This is related to derivatives.

`y = x^5 ` ----(1)

Let us say for for marginal change in `deltax` the change in y is `deltay `

`y+deltay = (x+deltax)^5` ----(2)

(2)-(1)

`deltay = (x+deltax)^5-x^5`

Rate of change means `deltay/(deltax)`

`(deltay)/deltax = [(x+deltax)^5-x^5]/(deltax)`

When `(deltay)/(deltax) ` be a...

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This is related to derivatives.

`y = x^5 ` ----(1)

Let us say for for marginal change in `deltax` the change in y is `deltay `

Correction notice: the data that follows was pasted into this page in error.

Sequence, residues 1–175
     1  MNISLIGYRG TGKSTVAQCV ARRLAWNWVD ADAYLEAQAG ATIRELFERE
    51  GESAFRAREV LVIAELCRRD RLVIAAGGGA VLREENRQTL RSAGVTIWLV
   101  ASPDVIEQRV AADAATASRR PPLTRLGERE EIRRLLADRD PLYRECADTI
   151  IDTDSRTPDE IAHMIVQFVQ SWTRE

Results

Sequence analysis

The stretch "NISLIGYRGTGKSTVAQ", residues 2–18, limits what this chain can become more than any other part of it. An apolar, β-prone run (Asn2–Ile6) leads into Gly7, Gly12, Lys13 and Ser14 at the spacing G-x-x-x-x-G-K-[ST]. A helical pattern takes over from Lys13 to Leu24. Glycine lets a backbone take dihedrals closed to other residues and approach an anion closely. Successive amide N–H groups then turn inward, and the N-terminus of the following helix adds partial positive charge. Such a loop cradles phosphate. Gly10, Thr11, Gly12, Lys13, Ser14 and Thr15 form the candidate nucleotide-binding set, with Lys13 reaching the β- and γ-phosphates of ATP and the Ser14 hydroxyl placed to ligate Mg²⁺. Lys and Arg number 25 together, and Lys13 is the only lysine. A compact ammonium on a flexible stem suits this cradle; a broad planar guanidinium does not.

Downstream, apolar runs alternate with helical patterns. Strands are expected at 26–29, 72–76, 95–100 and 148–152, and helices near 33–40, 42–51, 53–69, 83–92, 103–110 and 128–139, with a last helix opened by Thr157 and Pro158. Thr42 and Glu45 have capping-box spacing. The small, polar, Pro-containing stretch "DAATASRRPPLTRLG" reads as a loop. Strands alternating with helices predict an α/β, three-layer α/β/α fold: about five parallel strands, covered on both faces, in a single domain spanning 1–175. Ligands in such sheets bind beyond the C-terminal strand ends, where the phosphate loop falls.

`y+deltay = (x+deltax)^5` ----(2)

(2)-(1)

`deltay = (x+deltax)^5-x^5`

Rate of change means `deltay/(deltax)`

`(deltay)/deltax = [(x+deltax)^5-x^5]/(deltax)`

When `(deltay)/(deltax) ` be a small marginal change;

`lim_(xrarr0)(deltay)/deltax = lim_(xrarr0)[(x+deltax)^5-x^5]/(deltax)`

`lim_(xrarr0)(deltay)/(deltax)` referred as the derivative of a function.

Therefore rate of marginal change can be expressed as the derivative.

`(dy)/dx = 5x^4`

Rate of change at x = 2 and y = 32;

`((dy)/dx)_(x=2) = 5*2^4 = 80`

*So the statement is correct and we should agree with that.*